Saturday, November 10, 2012

The Build Up

Northern Territory, Australia

"This is more remote than the party I went to in Siberia." - David


Crossing the line was the beginning.

We stood on the brink of the unknown, a highway leading into no-man’s land; Arnham Land, where outsiders are only allowed with special permission.  There was a line drawn across the road.  “When you cross this, you must leave all the bad spirits behind you.”  Effortless, the other 3 members of the crew stormed over – a bushman, a Christian & a scientist.  I took a deep breath to make it real.

                Is this real?

Somehow it is because of David we all got here, who brought us all together.  He’s the orchestrator of this madness.  It’s sunset.  We’re about to drive some absurd distance into the bush on a dirt track of some state to chase this solar eclipse that’s only visible from the tippy top edge of the island.  At night.  In an area riddled with water buffalo.  Surely he’s to blame.

Just before the Wet Season is a period called the Build Up; when the air gets thick with humidity & the sun turns on.  Creeping into when the sky unloads & the rain sizzles off the pavement.  Saltwater crocodiles drift inland by water access.  Some roads are 2 meters underwater.  We are on the brink of potentially being stuck where we’re going for 3 months.

On Google Maps, the track takes 21 hours.  It really takes about 8 at a reasonable speed.  Assuming you don’t roll or get driven off the road by maniacal road trains.  *A road train is a semi-trailer towing many containers.  The largest has 4 containers; 53m in length, weighing 170 tonnes.  They don’t drive, they hurdle.*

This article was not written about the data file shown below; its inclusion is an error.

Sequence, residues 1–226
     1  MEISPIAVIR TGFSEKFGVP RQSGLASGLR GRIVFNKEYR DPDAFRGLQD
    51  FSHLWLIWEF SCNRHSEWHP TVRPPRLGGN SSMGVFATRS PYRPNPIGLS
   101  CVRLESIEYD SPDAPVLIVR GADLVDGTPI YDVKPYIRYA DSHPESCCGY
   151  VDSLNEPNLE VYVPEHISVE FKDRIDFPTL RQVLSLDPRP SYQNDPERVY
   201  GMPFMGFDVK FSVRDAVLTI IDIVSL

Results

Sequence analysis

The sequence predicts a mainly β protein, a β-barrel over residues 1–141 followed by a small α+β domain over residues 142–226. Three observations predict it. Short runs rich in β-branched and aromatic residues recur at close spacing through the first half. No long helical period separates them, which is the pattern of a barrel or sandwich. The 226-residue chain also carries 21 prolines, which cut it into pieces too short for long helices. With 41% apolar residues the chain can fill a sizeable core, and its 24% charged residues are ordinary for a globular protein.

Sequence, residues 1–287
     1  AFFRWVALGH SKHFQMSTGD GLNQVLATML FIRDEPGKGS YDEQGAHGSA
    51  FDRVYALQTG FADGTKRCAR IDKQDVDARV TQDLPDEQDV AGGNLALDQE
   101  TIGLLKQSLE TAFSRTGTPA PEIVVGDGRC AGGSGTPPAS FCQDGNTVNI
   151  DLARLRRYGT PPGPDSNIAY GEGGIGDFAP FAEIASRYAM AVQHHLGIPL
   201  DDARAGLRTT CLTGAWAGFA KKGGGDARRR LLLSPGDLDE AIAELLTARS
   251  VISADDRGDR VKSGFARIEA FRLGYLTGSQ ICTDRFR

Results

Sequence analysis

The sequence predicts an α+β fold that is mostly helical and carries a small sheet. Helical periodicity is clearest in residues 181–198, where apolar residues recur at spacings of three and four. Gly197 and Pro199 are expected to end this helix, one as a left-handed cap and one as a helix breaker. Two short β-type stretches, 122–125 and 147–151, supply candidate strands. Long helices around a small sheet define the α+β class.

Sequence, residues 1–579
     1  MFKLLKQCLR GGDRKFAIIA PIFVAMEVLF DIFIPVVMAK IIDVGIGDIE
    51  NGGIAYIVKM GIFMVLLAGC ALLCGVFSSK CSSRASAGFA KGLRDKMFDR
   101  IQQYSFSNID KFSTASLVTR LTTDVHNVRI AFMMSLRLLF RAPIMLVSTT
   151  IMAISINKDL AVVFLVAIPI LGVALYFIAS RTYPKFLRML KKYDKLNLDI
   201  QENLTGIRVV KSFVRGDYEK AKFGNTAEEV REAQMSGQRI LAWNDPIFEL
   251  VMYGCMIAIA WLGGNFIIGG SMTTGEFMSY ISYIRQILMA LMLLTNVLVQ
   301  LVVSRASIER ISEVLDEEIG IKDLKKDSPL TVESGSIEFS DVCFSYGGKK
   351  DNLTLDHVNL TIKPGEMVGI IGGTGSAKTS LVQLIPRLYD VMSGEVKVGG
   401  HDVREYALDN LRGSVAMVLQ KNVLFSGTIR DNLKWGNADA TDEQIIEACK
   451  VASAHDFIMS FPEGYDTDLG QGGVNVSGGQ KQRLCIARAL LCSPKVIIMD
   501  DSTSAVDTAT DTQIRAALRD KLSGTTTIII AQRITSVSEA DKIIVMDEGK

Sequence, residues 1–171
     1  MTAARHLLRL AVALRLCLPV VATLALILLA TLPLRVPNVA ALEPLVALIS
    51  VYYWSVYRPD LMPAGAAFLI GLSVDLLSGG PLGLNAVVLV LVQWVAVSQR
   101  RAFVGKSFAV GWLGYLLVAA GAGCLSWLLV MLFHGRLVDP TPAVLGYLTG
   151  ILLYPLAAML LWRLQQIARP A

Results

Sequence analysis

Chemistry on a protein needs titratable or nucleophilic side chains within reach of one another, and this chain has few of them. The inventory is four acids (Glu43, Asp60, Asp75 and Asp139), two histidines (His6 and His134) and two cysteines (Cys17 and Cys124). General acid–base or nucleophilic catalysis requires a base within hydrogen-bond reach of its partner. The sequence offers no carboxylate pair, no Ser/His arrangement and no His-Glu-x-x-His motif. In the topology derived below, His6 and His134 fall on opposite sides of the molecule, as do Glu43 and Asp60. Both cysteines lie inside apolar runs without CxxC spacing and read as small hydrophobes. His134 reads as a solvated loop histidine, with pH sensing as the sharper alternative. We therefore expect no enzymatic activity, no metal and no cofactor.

By the time we’d explored the festival site, it was approaching dawn.  Silhouettes of shelters built with tree branches emerged with the soft rosy light.  Beyond that, over the escarpment that drops out of nowhere, is magic.

An enormous wetland directly due east; the biggest floodplain in the southern hemisphere.  Even before the sun peeks, the mist comes to life, rising within the trees.  All the colours enfolded into that shade of light.  Every morning seemed like the dawn of time.

There is a massive festival in Cairns for the eclipse; estimating 50,000 people in that region.  There were 180 tickets sold to this one, with 900 people living in the nearest community of Ramingining.  Visitors have been asked to respect the local customs; including wearing a skirt past the knees, keeping some activities men only & others women only, asking permission before taking photographs, not making eye contact while speaking to someone (depending who you’re speaking with) & in particular keeping the event drug & alcohol free.  We are seasoned punters, & can imagine too well the debauchery in Cairns.  This is an amazing opportunity to experience a part of Aboriginal culture.

This event has been planned alongside the community for 8 years.  There is alot of uncertainty; everything is questioned.  It is strange for the locals to have so many outsiders invited into their land.

The others have seen solar eclipses before.  They describe the darkness, the shadows, the stars, the activity of the birds, a vibration that passes through you...  But they are all different, they are all new.  This is the only precedent to this adventure.

It is common within the Yolnu language to refer to one another without using first names.  This is exceptional.  I have 3 more brothers.

Together, we have no idea what to expect.  Heavy anticipation & excitement fueled by complete ignorance.  And so we begin.

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